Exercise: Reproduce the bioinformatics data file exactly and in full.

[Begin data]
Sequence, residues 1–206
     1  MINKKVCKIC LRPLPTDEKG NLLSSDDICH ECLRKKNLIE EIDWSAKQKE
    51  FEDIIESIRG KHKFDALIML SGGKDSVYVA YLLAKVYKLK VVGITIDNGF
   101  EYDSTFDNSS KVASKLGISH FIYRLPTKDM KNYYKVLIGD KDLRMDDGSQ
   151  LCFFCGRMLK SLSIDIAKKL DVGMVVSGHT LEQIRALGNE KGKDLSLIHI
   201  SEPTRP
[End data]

Sequence, residues 1–206
     1  MINKKVCKIC LRPLPTDEKG NLLSSDDICH ECLRKKNLIE EIDWSAKQKE
    51  FEDIIESIRG KHKFDALIML SGGKDSVYVA YLLAKVYKLK VVGITIDNGF
   101  EYDSTFDNSS KVASKLGISH FIYRLPTKDM KNYYKVLIGD KDLRMDDGSQ
   151  LCFFCGRMLK SLSIDIAKKL DVGMVVSGHT LEQIRALGNE KGKDLSLIHI
   201  SEPTRP